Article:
I recently read an article discussing how our home devices are now a more public target for attackers. All the smart devices in our home are “smart” because they are nothing more than small embedded devices that typically run some variant of Linux. Therefore, any attack against Linux means an attack against your toaster, home security system, HVAC controllers, and yes, your refrigerator and television.Read more
If you haven’t heard about it by now, let me clue you in: Java is a security nightmare. A few days ago, a zero-day exploit for Java 7 became widely-known. The exploit bypasses Java 7′s security sandbox and permits attackers to download and execute code without user interaction. The attack is already available in Metasploit and in the Blackhole Exploit Kit (BEK). Since it’s in BEK, users are now susceptible to this attack via so-called “drive-by” web hacks. All a user has to do is get unlucky and visit a compromised site (and there are a TON of compromised WordPress sites out there) and their machine is compromised.Read more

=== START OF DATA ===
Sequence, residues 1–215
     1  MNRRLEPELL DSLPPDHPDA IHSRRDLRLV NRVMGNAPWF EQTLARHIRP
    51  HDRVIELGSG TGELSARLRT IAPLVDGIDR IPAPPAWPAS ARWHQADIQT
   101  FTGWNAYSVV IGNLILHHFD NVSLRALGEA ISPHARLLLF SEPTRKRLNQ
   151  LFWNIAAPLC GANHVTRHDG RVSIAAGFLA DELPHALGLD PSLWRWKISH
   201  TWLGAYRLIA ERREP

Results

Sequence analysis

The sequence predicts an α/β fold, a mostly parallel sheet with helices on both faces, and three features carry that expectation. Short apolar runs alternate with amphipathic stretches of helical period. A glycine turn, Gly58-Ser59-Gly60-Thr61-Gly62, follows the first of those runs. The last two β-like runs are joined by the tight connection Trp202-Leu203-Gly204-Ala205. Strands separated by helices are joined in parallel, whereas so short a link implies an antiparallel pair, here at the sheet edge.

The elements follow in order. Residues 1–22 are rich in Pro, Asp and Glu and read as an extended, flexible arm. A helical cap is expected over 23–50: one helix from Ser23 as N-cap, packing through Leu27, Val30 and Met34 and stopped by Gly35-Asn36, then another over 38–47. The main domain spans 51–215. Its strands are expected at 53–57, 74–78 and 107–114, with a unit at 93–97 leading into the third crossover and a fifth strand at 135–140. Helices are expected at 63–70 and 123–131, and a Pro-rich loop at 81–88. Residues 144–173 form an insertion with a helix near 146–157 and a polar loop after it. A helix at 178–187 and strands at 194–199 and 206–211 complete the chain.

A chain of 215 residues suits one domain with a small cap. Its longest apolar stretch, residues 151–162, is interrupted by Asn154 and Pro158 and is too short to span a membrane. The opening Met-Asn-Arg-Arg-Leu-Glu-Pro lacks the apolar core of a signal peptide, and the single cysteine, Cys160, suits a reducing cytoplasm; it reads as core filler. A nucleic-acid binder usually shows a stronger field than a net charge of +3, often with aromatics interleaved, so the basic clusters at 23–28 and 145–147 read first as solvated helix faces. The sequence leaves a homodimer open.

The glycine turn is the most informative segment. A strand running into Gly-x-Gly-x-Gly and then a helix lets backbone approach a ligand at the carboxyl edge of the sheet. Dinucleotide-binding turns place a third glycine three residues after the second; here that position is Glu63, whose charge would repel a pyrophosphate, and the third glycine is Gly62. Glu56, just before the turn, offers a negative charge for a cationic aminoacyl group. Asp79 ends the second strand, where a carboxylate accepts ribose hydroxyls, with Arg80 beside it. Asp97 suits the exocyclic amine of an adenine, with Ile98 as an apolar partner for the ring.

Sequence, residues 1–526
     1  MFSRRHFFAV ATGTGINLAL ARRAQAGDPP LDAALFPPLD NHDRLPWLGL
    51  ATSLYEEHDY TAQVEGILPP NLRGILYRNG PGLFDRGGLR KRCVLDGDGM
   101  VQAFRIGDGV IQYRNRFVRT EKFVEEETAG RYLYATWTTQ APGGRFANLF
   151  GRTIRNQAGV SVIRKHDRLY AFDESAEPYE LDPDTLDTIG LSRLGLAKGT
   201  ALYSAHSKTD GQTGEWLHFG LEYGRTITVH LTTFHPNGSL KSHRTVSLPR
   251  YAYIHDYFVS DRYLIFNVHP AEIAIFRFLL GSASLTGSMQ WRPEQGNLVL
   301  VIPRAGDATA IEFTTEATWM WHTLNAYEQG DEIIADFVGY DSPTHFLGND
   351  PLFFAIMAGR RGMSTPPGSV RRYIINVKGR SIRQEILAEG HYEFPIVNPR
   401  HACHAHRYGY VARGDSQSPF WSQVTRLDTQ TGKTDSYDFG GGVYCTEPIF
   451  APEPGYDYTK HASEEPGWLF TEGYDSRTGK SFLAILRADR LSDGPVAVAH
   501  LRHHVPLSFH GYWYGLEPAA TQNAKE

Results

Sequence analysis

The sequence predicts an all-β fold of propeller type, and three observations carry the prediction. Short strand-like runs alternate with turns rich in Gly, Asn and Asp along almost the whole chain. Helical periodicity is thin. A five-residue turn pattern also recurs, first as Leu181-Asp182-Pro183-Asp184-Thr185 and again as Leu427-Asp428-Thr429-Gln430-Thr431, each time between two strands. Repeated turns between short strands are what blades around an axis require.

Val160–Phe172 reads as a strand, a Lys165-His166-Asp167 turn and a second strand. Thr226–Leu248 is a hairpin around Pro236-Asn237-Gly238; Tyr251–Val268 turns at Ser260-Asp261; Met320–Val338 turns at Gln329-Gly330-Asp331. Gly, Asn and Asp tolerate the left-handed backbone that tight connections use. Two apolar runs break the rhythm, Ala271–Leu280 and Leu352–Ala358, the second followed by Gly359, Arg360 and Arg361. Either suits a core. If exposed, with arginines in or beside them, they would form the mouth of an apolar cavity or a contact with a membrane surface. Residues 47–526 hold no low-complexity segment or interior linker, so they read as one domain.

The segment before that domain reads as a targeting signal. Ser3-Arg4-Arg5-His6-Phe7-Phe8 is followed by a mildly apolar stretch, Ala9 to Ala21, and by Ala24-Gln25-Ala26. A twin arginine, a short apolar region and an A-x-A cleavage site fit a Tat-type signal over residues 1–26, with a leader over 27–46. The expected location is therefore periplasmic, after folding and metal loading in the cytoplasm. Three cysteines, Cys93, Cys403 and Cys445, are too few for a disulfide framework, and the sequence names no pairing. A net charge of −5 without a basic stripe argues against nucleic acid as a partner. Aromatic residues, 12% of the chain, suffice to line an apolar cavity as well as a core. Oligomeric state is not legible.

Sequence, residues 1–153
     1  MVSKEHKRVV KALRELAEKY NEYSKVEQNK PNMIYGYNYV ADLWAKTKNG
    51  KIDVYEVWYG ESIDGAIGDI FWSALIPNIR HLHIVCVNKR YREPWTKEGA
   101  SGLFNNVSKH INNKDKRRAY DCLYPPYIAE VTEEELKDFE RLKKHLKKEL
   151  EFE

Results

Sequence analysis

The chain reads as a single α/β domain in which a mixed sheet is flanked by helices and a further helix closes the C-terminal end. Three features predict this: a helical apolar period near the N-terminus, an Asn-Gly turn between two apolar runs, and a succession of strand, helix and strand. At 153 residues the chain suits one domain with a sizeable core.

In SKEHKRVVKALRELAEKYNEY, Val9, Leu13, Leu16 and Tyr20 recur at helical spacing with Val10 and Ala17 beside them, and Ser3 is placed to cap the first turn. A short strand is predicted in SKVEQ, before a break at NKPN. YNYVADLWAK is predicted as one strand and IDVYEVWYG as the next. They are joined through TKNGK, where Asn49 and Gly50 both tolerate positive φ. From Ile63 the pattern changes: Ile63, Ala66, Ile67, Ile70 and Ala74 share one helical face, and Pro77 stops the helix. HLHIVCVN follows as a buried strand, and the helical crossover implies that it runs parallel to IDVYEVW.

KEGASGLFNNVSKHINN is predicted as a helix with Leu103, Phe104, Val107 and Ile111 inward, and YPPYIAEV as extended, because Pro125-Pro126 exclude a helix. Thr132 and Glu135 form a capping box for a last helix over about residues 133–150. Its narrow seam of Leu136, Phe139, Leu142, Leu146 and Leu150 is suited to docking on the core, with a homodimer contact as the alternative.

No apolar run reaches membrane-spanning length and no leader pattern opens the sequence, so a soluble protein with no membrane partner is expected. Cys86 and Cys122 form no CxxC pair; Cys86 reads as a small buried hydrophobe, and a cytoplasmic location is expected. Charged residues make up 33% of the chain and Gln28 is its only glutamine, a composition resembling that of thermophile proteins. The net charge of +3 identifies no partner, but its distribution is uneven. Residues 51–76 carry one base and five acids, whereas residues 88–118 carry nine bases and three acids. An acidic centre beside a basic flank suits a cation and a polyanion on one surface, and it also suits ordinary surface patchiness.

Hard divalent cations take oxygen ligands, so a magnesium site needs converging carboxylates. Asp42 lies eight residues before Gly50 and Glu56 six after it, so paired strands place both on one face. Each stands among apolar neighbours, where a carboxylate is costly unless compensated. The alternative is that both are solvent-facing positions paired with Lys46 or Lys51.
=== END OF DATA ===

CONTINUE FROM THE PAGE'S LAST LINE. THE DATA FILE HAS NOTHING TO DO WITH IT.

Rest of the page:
From the what-is-the-world-coming-to department:
Attention parents of teenagers. This story has made the front page of Slashdot: Teens Share Passwords as a Form of Intimacy. First, you had to talk to your teens about alcohol and drugs. Then, the birds and the bees. Now add another item to your list of topics during The Talk: abstinence from pre-marital password sharing!
For the past week, BEAST has been the talk of the InfoSec community. BEAST stands for “Browser Exploit Against SSL/TLS” and is a new way to execute an attack against CBC mode encryption algorithms. The attack has been theorized for quite some time (2006 seems to be about the time it became known), but until BEAST, an attacker had no practical way to execute the attack, and even with BEAST, the attack against CBC is still difficult to execute.Read more